Gadolinium and its alloys are the best material available today for magnetic refrigeration near room temperature. There are still some thermal and magnetic hysteresis problems to be solved for them to become really useful and scientist are working hard to achieve this goal. Thermal hysteresis problems is solved therefore in adding ferrite (5:4) A good review on magnetocaloric materials is entitled "Recent developments in magnetocaloric materials" and written by Dr. Gschneidner et at. Recent discovery has succeeded using commercial grade materials and permanent magnets on room temperatures to construct a magnetocaloric refrigerator which promises wide use. This technique has been used for many years in cryogenic systems for producing further cooling in systems already cooled to temperatures of 4 Kelvin’s and lower. In England, a company called Cambridge Magnetic Refrigeration produces cryogenic systems based on the magnetocaloric effect. On 20 August 2007, the Riso National Laboratory at the Technical University of Denmark, claimed to have reached a milestone in their magnetic cooling research when they reported a temperature span of 8.7 C. They hope to introduce the first commercial applications of the technology by 2010.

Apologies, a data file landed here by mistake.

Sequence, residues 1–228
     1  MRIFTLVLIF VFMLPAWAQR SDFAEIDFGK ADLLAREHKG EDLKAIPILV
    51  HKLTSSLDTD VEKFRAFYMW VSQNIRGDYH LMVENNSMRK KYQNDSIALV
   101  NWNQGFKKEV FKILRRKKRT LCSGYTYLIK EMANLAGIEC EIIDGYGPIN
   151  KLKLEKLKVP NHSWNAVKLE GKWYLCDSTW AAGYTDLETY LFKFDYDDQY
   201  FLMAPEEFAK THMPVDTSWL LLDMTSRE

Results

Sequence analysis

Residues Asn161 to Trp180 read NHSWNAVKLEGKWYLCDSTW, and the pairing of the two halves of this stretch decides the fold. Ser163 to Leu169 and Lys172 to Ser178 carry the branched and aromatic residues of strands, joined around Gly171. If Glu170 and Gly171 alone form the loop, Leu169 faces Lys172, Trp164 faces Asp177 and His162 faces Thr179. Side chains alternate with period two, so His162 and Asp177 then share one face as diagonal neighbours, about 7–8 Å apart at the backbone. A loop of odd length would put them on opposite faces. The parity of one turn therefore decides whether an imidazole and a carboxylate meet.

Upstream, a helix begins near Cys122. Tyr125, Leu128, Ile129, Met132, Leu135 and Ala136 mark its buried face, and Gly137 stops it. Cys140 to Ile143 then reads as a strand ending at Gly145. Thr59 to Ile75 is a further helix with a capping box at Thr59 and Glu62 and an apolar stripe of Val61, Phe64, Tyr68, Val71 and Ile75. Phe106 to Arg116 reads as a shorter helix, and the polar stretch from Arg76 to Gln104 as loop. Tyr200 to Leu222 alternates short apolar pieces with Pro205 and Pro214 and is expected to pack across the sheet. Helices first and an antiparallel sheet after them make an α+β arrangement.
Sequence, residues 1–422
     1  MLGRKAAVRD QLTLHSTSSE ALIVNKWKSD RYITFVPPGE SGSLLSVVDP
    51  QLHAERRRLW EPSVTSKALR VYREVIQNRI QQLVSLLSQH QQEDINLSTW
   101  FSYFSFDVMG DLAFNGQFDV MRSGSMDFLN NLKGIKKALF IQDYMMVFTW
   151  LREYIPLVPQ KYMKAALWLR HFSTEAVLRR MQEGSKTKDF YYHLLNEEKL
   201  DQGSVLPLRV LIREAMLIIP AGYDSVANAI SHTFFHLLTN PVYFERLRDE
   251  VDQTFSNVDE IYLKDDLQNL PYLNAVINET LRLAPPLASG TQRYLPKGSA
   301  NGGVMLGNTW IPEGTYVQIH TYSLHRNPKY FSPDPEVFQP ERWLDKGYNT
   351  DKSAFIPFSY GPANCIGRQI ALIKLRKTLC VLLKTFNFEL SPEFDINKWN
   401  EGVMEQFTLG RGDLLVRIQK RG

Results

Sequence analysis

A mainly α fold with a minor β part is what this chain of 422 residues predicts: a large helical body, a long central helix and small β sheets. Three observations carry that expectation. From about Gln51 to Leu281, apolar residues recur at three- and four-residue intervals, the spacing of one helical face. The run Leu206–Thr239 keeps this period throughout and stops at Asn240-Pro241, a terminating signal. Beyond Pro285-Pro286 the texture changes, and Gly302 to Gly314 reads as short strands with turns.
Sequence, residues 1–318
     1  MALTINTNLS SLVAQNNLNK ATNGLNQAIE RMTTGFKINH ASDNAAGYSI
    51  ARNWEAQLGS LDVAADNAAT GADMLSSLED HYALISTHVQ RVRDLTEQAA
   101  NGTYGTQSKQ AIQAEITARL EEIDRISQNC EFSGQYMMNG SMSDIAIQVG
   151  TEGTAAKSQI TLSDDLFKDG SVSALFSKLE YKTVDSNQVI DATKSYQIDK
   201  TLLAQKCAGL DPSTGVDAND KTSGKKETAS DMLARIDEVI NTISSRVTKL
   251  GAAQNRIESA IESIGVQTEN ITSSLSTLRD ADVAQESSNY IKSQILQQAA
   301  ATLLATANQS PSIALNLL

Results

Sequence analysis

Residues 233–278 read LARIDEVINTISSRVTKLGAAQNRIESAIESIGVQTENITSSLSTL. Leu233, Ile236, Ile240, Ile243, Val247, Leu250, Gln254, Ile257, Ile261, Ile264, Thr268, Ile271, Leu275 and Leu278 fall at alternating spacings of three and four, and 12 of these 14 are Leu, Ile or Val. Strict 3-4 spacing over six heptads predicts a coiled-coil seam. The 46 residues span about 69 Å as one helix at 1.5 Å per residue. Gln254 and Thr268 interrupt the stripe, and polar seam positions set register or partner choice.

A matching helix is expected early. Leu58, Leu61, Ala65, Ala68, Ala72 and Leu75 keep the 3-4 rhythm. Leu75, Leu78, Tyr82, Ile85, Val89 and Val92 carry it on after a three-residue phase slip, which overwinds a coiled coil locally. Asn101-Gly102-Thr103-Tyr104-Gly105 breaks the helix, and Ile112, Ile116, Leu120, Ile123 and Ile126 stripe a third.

Gadolinium and its alloys are the best material available today for magnetic refri <a href=g eration near room temperature. There are still some thermal and magnetic hysteresis problems to be solved for them to become really useful and scientist are working hard to achieve this goal. Thermal hysteresis problems is solved therefore in adding ferrite (5:4) A good review on magnetocaloric materials is entitled "Recent developments in magnetocaloric materials" and written by Dr. Gschneidner et at. Recent discovery has succeeded using commercial grade materials and permanent magnets on room temperatures to construct a magnetocaloric refrigerator which promises wide use. This technique has been used for many years in cryogenic systems for producing further cooling in systems already cooled to temperatures of 4 Kelvin’s and lower. In England, a company called Cambridge Magnetic Refrigeration produces cryogenic systems based on the ma g netocaloric effect. On 20 August 2007, the Riso National Laboratory at the Technical University of Denmark , claimed to have reached a milestone in their magnetic cooling research when they reported a temperature span of 8.7 C. They hope to introduce the first commercial applications of the technology by 2010 . Current and future uses There are still some thermal and magnetic hysteresis problems to be solved for these first-order phase transition materials that exhibit the GMCE to become really useful; this is a subject of current research. A useful review on 8 " id="pdf-obj-7-23" src="pdf-obj-7-23.jpg">